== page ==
Hello and welcome to a sunny, Magpieheaven! Thank you so much for stopping by. You might want to pour yourself a long, cool drink to keep you refreshed, as this post goes on a bit - so sorry! This month two blogs are running challenges that really appeal to me with my Magpie nature! At 'That's Crafty' here the challenge is to include any kind of bird or birds on a project and at 'A Vintage Journey' here the theme is 'Wings and Things'. I should like to enter my shadow box for both these challenges. I really like the idea of wings on projects and I started to ask myself, Why do we long to fly like birds and butterflies? Why do songs and poems often use flying as a metaphor? Why do I love images that seem to merge human with bird or butterfly? As I worked away at my project, I thought about this, humming to myself 'One Day I'll Fly Away', the beautiful, Randy Crawford song. Here is the project and I'll try to answer some of those metaphysical questions along the way! Wish you could hear how the birds were singing in the background when I photographed this! I took some indoor shots too, but I did like the way the sunlight caught the Treasure Gold on this one.
It all began with a box that had contained 'Father's Day' goodies, given to Mr Magpie by our daughter!
The box was in 2 sections to display chutney, crisps and real ale, but it reminded me of windows opening out from a house onto the world! I reckoned that with some Tim Holtz dies I could transform the box into a stage-set, which play it was to represent became clear as I worked. Tim's dies are so adaptable, they really lend character to three-dimensional projects in lots of ways and my imagination was sparked by what I might do with them - especially the bird one! I imagined the facade of a slightly faded grand house, so Distress Inks would be useful for creating that look too. I started to pick away at the card on the box to reveal the corrugations underneath.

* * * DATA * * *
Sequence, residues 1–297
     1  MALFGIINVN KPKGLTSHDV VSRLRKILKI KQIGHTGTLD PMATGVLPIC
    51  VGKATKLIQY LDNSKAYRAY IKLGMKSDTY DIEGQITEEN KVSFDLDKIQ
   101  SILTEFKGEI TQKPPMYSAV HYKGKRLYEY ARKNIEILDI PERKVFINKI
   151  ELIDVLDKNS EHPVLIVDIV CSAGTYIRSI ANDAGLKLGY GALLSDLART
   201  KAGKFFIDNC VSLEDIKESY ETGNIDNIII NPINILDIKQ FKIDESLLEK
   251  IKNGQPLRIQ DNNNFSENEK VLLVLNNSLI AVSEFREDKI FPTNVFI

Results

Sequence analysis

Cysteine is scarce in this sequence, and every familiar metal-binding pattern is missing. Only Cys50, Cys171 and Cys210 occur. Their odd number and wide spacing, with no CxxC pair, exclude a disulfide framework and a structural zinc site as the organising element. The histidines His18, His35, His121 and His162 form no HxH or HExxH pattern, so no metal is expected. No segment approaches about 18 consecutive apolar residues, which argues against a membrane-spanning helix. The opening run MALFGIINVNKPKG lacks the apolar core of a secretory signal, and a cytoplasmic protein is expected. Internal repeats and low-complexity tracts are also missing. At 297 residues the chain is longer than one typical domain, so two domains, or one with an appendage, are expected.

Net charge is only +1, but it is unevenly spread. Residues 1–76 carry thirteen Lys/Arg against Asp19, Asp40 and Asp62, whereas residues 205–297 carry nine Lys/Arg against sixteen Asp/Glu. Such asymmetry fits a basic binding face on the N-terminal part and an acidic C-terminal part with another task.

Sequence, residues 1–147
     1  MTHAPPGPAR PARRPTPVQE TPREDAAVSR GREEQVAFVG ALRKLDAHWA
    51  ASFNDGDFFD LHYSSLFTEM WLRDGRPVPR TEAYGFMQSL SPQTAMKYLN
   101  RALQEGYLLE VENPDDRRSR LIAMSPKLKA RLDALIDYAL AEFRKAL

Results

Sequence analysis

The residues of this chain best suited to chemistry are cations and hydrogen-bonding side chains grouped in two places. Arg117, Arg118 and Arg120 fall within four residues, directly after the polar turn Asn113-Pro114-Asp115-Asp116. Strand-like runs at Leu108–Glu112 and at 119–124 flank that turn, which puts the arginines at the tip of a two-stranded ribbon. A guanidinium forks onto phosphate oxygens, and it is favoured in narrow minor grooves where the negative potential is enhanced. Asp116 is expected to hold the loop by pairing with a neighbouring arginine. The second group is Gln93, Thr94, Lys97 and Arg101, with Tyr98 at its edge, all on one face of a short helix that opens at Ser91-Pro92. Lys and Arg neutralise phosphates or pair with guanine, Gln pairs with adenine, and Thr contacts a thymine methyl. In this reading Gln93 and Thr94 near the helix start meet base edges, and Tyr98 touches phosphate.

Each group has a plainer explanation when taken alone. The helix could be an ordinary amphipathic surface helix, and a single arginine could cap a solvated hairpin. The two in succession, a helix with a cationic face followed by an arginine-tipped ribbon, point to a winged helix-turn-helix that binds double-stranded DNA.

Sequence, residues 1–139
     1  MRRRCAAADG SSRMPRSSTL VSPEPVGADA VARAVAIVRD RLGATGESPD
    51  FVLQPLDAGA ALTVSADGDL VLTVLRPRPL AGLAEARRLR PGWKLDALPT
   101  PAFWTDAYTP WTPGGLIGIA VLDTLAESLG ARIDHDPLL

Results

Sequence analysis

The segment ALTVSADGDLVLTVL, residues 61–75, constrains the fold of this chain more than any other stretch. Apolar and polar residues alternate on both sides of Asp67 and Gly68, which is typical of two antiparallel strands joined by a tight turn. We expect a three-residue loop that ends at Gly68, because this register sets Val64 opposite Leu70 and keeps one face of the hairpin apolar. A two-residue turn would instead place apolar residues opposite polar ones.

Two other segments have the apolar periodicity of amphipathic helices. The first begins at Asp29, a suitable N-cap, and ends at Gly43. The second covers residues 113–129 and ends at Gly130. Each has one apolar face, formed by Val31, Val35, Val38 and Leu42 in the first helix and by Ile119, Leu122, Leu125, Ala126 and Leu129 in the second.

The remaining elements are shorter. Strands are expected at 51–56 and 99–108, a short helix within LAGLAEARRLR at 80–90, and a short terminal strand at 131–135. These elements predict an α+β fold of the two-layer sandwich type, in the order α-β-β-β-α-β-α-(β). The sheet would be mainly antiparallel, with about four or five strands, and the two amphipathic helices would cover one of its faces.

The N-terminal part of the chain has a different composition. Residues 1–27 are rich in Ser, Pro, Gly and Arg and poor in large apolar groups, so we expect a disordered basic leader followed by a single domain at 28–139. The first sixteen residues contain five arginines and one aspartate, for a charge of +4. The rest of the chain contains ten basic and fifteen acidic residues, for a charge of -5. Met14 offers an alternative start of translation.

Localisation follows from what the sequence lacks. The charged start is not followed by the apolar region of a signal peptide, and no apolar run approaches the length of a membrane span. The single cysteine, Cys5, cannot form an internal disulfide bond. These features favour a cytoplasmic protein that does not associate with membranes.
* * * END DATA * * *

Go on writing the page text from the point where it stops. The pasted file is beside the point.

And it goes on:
I wanted to lose that bottle shape at the top too, so I covered it with an arch die shape also from a TH Bigz die, cut from corrugated card. You can see that I also started adding some creased masking tape to create the impression of cracked stucco on the facade.
Now it was time to play with a Tim Holtz trellis die. Before cutting, I stencilled some PaperArtsy Chatsworth paper with Grunge Paste through a Lin Brown PA Eclectica stencil. Lin uses this super technique on little tiles that she includes in backgrounds. The Grunge Paste then really stands out when you apply Treasure Gold.
I have Lucy Edmondson to thank for the idea of Stencilling Grunge Paste onto tissue. I cut these bricks and stuck them in those awkward places using PaperArtsy Satin Glaze.
For the interior of my box, I stencilled Grunge Paste through a Prima Flourish stencil and then painted with PaperArtsy Antarctic. I've learned when making shadow boxes that painting inside with a light colour makes that all-important glimpse through the window a little more visible.
Here's the facade with the die-cuts added along with some embellishments, including Tim's Jump rings, which I've used as door handles! I covered everything in a couple of coats of Gesso, which I buy in big tubs from The Works. A couple of little resin birds have made an appearance and a tiny birdcage charm.